which is good news. We didn't hear that for a bit.
And China clearly understands that, for its own survival, for its own opposition in the future,
it needs to wean itself off coal. The only question is, at what speed?
And I think both U.S. and Europe are trying to convince China to move faster than they
had anticipated so far. Nobody's doing this to do us a favor. Everybody's doing this because they
understand they need to do it for themselves, including China, although I believe that, from
a U.S. and E.U. perspective, we would like them to move a bit faster than what they have done so far.
NICK SCHIFRIN: Xi Jinping has promised to reach peak emissions by 2030,
become carbon-neutral by 2060. As you just said,
both of you have called for China to move faster. Beijing wants concessions.
Would the U.S., John Kerry, be willing to give some concessions, whether on major grounds,
like Xinjiang or South China Sea, or remove sanctions that were currently
recently imposed on solar panels, in order to get Chinese cooperation climate?
JOHN KERRY: Well, our presidents talked just a few days ago.
President Biden and President Xi had a very, very constructive conversation. I was
privileged to be there. And President Xi embraced the idea of getting some
things done together and moving on climate.
Obviously, both countries have concerns about other issues. That's -- everybody
in the world knows that. But our presidents originally stated that
climate stands in a special place. It's about the survival of the planet. Every country has
its own urgency for dealing with it. And it cannot be held hostage by any of those other issues.
You're not going to have a tradeoff of one thing for climate and then give up
something that's a matter of principle. Those things are going to have to be
argued out between our presidents, discussed between our presidents.
What I'm confident of is this. I know this, and so does France.
President Xi is serious about this. He understands the implications for China.
He is already presiding over a country that is the largest producer of renewables in the world,
that has deployed more renewables than anybody in the world.
And the population of China wants cleaner water,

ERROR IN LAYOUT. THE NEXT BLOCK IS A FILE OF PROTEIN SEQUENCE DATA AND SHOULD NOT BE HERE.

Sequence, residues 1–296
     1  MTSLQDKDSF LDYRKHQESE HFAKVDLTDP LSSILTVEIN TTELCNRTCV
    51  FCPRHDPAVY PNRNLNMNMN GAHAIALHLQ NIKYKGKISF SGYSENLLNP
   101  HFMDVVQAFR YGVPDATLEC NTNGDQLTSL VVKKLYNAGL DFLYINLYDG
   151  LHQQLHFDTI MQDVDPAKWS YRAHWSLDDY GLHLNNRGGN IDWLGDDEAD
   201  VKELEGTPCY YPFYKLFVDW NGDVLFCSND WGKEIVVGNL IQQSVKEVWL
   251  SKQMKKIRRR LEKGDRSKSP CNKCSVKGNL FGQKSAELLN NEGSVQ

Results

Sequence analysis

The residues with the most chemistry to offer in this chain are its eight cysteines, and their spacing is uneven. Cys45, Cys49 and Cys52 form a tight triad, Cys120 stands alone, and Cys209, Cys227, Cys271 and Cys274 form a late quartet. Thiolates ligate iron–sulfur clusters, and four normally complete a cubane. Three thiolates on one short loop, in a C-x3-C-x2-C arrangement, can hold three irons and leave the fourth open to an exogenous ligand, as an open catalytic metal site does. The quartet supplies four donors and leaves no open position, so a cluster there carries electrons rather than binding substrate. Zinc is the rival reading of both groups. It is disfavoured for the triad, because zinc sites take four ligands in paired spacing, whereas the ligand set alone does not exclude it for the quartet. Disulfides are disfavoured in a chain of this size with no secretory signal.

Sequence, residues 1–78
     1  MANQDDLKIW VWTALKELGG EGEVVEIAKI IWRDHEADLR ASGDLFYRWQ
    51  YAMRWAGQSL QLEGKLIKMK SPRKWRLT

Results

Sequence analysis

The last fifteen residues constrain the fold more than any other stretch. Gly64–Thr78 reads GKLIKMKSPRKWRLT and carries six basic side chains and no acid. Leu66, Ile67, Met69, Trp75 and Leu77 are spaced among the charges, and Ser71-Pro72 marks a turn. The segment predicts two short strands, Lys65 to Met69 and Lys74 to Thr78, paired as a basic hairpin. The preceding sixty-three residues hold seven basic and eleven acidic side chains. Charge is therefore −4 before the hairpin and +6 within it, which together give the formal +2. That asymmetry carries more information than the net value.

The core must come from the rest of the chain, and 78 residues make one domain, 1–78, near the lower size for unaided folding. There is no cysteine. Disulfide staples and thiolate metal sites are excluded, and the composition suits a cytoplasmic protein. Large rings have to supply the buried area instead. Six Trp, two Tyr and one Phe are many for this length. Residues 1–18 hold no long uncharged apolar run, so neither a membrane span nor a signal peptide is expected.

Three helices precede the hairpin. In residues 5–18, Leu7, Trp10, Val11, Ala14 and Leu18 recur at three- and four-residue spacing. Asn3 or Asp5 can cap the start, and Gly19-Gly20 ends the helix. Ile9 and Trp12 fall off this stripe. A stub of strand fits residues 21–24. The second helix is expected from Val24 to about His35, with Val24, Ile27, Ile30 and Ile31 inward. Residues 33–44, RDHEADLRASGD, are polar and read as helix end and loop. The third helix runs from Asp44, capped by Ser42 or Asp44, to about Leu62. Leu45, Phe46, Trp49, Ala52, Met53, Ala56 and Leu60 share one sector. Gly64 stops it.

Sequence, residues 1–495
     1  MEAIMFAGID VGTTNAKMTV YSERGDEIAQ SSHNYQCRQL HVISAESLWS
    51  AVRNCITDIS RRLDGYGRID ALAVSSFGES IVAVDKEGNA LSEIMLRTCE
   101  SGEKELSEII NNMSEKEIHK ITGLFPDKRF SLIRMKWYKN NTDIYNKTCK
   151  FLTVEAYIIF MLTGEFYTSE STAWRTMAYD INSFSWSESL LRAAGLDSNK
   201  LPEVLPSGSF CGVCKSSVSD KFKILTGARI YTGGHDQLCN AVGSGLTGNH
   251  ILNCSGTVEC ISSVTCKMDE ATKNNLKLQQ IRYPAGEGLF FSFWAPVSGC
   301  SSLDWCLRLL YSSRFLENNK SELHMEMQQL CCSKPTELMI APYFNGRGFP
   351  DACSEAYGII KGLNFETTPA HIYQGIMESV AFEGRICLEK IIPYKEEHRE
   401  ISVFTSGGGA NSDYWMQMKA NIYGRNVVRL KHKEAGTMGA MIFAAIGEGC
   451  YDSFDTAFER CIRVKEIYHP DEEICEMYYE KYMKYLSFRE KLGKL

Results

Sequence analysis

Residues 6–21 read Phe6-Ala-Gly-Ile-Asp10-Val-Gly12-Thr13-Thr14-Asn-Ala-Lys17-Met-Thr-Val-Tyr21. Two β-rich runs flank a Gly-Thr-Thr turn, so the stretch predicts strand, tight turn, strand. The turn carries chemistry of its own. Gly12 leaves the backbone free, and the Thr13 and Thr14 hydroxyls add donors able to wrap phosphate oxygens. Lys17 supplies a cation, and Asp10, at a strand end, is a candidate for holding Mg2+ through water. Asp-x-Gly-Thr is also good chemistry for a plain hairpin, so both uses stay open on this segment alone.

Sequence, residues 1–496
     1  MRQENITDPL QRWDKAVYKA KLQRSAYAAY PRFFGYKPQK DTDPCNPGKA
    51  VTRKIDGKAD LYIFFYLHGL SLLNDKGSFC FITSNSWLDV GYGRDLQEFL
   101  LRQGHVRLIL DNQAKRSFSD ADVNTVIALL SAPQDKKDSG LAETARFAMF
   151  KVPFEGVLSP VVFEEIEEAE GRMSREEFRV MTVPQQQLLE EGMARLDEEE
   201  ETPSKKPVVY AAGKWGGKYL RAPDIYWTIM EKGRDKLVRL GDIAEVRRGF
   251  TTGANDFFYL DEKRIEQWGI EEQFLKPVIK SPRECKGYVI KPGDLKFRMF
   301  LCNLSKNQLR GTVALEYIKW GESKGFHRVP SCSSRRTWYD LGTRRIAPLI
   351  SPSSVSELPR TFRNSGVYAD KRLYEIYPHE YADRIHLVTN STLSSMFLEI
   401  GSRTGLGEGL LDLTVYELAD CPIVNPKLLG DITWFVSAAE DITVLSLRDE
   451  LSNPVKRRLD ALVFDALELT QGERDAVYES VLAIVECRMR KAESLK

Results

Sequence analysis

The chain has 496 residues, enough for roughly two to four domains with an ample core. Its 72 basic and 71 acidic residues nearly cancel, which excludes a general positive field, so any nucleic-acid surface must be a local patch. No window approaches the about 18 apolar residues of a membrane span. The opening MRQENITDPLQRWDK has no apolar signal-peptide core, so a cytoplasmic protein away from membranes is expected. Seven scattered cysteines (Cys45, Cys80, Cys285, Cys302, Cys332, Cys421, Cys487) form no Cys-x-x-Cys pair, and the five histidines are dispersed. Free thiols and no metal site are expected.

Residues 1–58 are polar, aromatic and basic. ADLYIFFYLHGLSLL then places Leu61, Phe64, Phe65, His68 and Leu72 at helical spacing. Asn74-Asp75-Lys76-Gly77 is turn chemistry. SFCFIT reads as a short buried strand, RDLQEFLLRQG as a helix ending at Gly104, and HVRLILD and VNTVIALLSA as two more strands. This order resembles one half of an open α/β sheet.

cleaner air, safety and security with respect to the climate crisis.
NICK SCHIFRIN: I know you described the conversations between Presidents Biden
and Xi, but let me ask you about what you have just experienced,
in terms of China coupling climate with all the other policies.
You were just in China, and you were forced to talk to the foreign minister via video link. The
official who did meet with you in person lectured you and said that you -- quote -- "were guilty of
strategic miscalculation" because climate could not be decoupled from China's other requests.
JOHN KERRY: That was a very recent turn of events that we were very up front about.
But that was at a point in time where there had been not a lot of communication between
the administration and China. We were sort of operating on a separate track.
And, since then, the presidents have talked. And there was a very
clear understanding that we need to try to make some progress on the climate issue.
NICK SCHIFRIN: Part of this is about helping developing countries become more resilient.
President Biden increased the pledge of the United States. But the bottom line is
that the industrialized world is short of $100 billion of its pledge.
Frans Timmermans, what stops developing countries
from saying, hey, you haven't done enough when you arrive in Glasgow?
FRANS TIMMERMANS: Well, they will be saying that we haven't done enough.
But we're trying to get there. And I think we will get very close.
And I also believe that developing countries are discovering for themselves
that, just by saying that we haven't done enough, and, through that, stopping the
process, doesn't help them either. So we need to keep them on board. We need to engage with them.
I was just -- I'm just coming back from a meeting with the small island states in Antigua.
And if you see the suffering already now, we have an urgency here that we need to address.
And we will get close to the 100 billion. We will have to look beyond that.
And we will also -- it's not just about the public money
we put on the table. It's about the investment we make possible.
It's about the technology we transfer to them. It's about the transition we help them make.
So, I think there's a case to be made that we can
come close together with the developing countries. They're looking for this
cooperation. And I think we can really conclude on a positive note in Glasgow.
NICK SCHIFRIN: Frans Timmermans, John Kerry.
JOHN KERRY: Thank you.
NICK SCHIFRIN: Thank you very much to you both.
FRANS TIMMERMANS: Pleasure.
JOHN KERRY: It's good to be with you.